Why are motorcycles so loud?

If you are often bothered by traffic noise, you’ve probably noticed that not all vehicles are equally noisy. Other than emergency vehicles blasting their sirens as they make their way through traffic, motorcycles tend to be some of the loudest vehicles on the road. But why are motorcycles so loud?

There are several reasons, but they usually always fall onto one of two categories:

  1. The size of the vehicle – This might sound counterintuitive, but the bigger the vehicle the easier it is to silence it down.
  2. The culture of motorbiking – For many motorbike owners their bike isn’t just a transportation method to get from A to B. Riding motorbikes can be a way of life, a culture, a community… and believe it or not engine noise is a big part of the identity of these communities, a statement, something to be proud of.

Why are motorcycles so much louder than cars?

When it comes to making a motorbike quieter, size matters.

Even though there are some electric models out there, most motorbikes still run on gasoline. That means they mount a combustion engine. Without going into a lot of detail about how a combustion engine works, the one thing that’s important to understand here is that combustion engines generate movement through explosions. Literal explosions. As in, mix gasoline with oxygen and light up a match kind of explosion.

Thousands of these controlled explosions happen every second, even when the vehicle is not moving. Crazy, right?

Anyway, as you can imagine, these explosions produce a significant amount of noise. So much noise that the levels on our streets and roads would not be even tolerable if it wasn’t for two other key pieces present in our cars and motorbikes: the muffler (also known as a silencer) and exhaust.

The noise produced by the engine explosions travels through the muffler and exhaust, which bring the volume down significantly before releasing it to the surroundings. The muffler and exhaust are quite bulky parts of the engine, and as a rule of thumb, the larger the muffler is the quieter the vehicle.

Motorbikes, of course, have a lot less space to mount these parts, thus making it a lot harder to silence down a motorbike engine than a car’s.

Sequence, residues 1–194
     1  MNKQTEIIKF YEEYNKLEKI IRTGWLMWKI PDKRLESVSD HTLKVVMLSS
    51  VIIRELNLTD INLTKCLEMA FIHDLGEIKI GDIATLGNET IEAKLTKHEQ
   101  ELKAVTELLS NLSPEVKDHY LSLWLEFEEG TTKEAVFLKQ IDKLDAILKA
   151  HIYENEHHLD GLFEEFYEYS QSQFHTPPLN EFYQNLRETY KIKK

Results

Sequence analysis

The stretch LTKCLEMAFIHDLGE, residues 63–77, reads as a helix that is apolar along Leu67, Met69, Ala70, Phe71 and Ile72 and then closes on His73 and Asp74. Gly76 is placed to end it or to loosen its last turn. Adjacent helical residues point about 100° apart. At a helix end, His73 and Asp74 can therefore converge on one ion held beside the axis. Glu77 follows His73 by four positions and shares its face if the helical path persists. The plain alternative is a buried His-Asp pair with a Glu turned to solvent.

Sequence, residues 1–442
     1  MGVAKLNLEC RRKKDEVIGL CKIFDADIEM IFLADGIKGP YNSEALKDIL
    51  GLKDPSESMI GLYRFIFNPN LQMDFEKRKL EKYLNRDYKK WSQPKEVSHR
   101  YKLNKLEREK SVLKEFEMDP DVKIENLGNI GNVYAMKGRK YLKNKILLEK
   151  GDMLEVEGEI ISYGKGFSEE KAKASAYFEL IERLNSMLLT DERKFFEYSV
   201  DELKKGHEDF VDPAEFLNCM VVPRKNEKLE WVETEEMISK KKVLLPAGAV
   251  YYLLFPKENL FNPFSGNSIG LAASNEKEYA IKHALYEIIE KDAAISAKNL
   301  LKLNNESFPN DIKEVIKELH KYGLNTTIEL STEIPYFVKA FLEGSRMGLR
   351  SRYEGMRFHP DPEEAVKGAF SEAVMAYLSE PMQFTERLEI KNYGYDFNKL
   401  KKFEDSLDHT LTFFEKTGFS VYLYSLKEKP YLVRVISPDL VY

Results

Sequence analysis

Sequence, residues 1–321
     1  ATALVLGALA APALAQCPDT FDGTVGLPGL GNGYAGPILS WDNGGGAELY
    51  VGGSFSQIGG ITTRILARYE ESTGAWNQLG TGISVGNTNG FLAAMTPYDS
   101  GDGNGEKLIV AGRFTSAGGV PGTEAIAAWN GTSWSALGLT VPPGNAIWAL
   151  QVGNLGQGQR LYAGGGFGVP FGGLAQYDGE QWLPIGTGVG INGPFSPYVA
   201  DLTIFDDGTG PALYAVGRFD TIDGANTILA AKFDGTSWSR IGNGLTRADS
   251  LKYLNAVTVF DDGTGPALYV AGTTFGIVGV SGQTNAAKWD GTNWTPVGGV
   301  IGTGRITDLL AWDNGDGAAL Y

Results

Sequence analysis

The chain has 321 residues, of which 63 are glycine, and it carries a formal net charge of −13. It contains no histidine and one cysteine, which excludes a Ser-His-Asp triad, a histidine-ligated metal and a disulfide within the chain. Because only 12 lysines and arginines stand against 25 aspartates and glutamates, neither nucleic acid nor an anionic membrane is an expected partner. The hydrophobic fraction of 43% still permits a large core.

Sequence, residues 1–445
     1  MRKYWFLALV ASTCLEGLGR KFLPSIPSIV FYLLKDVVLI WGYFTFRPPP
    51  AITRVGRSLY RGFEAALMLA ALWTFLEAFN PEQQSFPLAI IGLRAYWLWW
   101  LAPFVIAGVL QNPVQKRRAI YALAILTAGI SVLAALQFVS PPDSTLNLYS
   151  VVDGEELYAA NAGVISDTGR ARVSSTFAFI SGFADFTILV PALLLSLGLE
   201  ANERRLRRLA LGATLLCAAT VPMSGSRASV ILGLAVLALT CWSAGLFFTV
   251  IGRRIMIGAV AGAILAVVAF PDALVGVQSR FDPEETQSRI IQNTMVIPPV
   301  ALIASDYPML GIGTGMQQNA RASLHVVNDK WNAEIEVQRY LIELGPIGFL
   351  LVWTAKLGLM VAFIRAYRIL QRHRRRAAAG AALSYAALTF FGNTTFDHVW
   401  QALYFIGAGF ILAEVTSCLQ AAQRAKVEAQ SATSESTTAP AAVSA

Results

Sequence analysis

The smaller size of a motorcycle muffler is one of the main reasons why they are louder than cars.

This does not mean manufacturers can’t build quieter motorbikes. Advanced engineering has managed to create smaller, yet highly efficient mufflers, but they don’t come cheap. They are usually heavier, come with a significantly higher price tag, or both, which results in them only being used by brands on very specific models.

Why are motor scooters louder than bigger motorbikes?

Mopeds can sometimes be louder than larger motorcycles because they are made to be cheap and they are usually driven to their maximun

Still on the side of counterintuitive concepts, you might have noticed that smaller motor scooters, or mopeds, are often louder than larger motorbikes. But why is this?

A big part of it has to do with the concept we just covered in the previous section. Motor scooters are designed to be the smallest they can be, so they have the least space to mount their muffler and exhaust. They are often also seen as “cheap” vehicles, used mainly for deliveries and very short commutes. This means brands will take any opportunity they can to make them cheaper, as customers aren’t willing to pay for any extras.

But there is another reason why motorscooters are louder than bigger motorbikes, and that is the way these vehicles are driven. The law sets the maximum number of decibels a motor vehicle can produce. Motorbike makers then take that number and engineer the motorbike so that at its peak, when the vehicle is the noisiest, it doesn’t go over that limit. I’m sure this won’t come as a surprise, but that noise pick happens when the vehicle is accelerating as quickly as it possibly can.

Well, because mopeds and scooters have such small engines you usually have to twist the throttle to its maximum every time you want to get it moving. Imagine you have stopped at a traffic light and the light turns green. In your car, you’ll probably press the throttle pedal 15-20%, but on a scooter, you’ll twist it to its maximum. That means every single time you will be asking 100% of the engine, which of course produces more noise than asking 20% of it.